Closing the gap between taxpayers and tax practitioners
Seven factors contributing to the expectation gap between taxpayers and tax practitioners in SA
A good relationship and effective communication between taxpayers and tax practitioners, as well as knowledge on tax requirements are among the factors that are likely to contribute towards better tax compliance in the South African context, according to a recent study.
The study on the tax practitioner-client relationship was conducted by Professor Gerhard Nienaber for his PhD thesis and submitted to Norton Rose and SAIPA’s 2014 Tax Thesis Competition.
“The study confirms the fact that tax practitioners play an important role in influencing the behaviour and attitude of their clients on tax compliance, and vice versa,” says Economic Research Analyst for South African Institute of Professional Accountants (SAIPA), Dr Thomas Höppli.
“Given the increasing utilisation of tax practitioners in South Africa, it is important for both tax practitioners and taxpayers to understand the factors that drive taxpayers’ and tax practitioners’ behaviour in order to improve the relationship between them,” says Höppli.
As Nienaber notes, the number of South Africans using the services of tax practitioners is on the increase. But, exactly how much non-compliance to tax laws is related to the tax advice that some tax practitioners give to their clients is still unclear.
The seven Cs
According to Nienaber’s study, the following “seven Cs” are factors that contribute to the expectation gap between taxpayers and tax practitioners in South Africa.
“For tax practitioners, more clarity on these factors would make them more aware of ethical issues, and this could result in more accountable decision-making,” says Höppli. “The Tax Administration Act (2011) requires tax practitioners to be registered not only with SARS, but also with a recognised controlling body, such as SAIPA. For taxpayers, this gives them assurance that their tax practitioner fulfils minimum qualifications, experience and CPD requirements and abides by a code of ethics and conduct. The regulatory framework thereby ensures that taxpayers receive better, more consistent tax advice.”
1. Communication: Frequent and clear communication should take place before, during, and after the tax service engagement between the taxpayer and tax practitioner. “Ongoing communication helps to clear up any issues that may arise between the two parties and promotes greater tax compliance,” he says.
2. Capability of taxpayers and tax practitioners: The capabilities of both taxpayers and tax practitioners should constantly be improved. This can be achieved by improving taxpayers’ knowledge on basic tax matters in order for them to understand tax processes better, as well as by improving tax practitioners’ competence. “To this end, SAIPA’s Centre for Tax Excellence (CoTE) offers a variety of specialised tax CPDs to keep their members abreast of new information and developments in the tax discipline,” he says.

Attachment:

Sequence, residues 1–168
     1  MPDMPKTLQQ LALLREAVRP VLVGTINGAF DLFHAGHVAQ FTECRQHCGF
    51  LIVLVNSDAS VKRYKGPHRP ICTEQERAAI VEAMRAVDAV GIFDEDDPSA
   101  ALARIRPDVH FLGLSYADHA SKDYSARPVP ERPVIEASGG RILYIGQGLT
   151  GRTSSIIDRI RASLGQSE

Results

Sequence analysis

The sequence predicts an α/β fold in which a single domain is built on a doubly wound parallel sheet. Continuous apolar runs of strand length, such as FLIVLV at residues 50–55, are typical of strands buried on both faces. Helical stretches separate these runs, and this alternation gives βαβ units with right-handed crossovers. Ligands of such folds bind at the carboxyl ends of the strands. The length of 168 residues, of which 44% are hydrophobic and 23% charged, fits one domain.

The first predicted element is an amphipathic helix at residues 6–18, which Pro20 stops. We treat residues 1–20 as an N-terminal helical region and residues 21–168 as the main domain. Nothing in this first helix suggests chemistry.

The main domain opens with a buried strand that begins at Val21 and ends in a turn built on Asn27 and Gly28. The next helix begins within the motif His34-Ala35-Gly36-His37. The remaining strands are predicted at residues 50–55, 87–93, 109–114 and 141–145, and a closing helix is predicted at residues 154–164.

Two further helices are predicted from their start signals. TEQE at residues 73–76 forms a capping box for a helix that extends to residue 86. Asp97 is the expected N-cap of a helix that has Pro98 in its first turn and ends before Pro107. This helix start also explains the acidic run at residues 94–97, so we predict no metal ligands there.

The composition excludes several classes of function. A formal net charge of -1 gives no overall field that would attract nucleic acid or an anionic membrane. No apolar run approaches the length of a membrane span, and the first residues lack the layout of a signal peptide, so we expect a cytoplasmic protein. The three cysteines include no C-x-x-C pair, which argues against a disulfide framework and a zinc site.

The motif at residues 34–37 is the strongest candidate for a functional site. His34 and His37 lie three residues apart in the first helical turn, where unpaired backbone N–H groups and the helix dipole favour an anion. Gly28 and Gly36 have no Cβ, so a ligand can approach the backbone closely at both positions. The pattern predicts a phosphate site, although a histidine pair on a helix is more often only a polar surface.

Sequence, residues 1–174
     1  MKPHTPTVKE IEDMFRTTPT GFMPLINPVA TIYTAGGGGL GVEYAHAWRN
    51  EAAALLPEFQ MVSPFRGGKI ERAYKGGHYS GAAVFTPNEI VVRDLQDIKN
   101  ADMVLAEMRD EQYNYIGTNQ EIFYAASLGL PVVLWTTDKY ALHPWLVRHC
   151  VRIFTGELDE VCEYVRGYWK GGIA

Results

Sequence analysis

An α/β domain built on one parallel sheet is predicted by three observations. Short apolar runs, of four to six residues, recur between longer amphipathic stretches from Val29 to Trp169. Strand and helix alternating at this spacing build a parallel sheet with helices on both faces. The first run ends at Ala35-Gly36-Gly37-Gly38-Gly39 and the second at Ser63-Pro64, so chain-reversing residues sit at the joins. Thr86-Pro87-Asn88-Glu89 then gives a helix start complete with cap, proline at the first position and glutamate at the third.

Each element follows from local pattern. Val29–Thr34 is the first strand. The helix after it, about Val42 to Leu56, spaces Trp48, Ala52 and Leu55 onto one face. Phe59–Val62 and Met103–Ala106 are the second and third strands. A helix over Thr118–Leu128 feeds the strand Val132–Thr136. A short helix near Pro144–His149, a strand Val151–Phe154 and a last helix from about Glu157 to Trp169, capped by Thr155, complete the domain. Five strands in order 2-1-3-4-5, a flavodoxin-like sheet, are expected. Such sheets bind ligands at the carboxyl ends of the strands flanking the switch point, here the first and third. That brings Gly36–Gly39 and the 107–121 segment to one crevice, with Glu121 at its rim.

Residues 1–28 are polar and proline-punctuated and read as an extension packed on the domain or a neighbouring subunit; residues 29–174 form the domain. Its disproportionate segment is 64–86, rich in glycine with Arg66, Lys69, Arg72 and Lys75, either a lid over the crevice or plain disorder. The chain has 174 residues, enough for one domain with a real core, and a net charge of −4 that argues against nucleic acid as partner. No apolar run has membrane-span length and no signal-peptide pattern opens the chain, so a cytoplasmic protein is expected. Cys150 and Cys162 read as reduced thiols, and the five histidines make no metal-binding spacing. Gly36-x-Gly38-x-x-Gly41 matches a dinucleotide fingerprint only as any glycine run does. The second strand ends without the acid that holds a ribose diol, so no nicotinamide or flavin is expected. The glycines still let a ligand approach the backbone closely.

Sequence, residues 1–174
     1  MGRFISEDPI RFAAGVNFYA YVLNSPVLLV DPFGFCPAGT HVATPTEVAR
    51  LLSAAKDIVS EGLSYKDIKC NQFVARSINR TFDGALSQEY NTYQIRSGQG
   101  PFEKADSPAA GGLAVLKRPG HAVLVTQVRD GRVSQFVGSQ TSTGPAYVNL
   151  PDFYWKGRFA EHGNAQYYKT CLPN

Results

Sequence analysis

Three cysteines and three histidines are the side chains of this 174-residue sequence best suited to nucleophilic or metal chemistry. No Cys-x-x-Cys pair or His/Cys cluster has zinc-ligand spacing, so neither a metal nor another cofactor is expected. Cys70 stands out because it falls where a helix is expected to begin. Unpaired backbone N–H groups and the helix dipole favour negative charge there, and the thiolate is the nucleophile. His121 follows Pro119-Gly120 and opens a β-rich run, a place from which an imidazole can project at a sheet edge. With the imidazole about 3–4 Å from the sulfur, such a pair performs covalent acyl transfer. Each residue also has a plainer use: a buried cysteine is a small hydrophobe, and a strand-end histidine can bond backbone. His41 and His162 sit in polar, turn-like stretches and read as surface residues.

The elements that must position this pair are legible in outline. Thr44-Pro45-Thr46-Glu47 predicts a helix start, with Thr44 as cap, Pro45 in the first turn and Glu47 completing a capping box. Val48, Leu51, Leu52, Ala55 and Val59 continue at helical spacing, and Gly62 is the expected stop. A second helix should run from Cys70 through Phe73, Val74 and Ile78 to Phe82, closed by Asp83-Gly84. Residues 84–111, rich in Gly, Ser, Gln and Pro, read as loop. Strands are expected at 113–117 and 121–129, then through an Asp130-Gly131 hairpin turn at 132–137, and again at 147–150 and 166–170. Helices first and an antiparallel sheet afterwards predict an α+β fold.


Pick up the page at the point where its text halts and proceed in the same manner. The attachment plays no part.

3. Confusion on the nature and scope of tax service: The professional role and responsibilities of tax practitioners, together with the nature and scope of the tax service, should be clearly and openly communicated to taxpayers in order to minimise confusion. It is advisable to reduce the responsibilities and the scope to writing.
4. Comprehension of fee structure: The fee structure should be transparent in order for taxpayers to understand it better and eliminate misconceptions.
5. Contribution of external influences on taxpayers: In order to avoid external influences that create confusion amongst taxpayers, Höppli says: “Tax practitioners should identify such possible influences and address them by means of suitable communication.”
6. Collecting agent’s systems and processes: The role and responsibilities of SARS should also be openly and clearly stated in order to enlighten taxpayers on its systems and processes. “Although the buck stops with the taxpayer, a good tax practitioner should do all he or she can to ensure the client understands how SARS works,” he adds. “This will help to streamline tax collection and eliminate unnecessary non-compliance and consequent penalties.”
7. Compliance behaviour of taxpayers and tax practitioners: If taxpayers have an attitude of tax compliance, they tend to be open to and adhere to the tax advice provided by the tax practitioners. The alignment of the tax compliance behaviour of taxpayers and tax practitioners serves as an alleviating action for the expectation gap.
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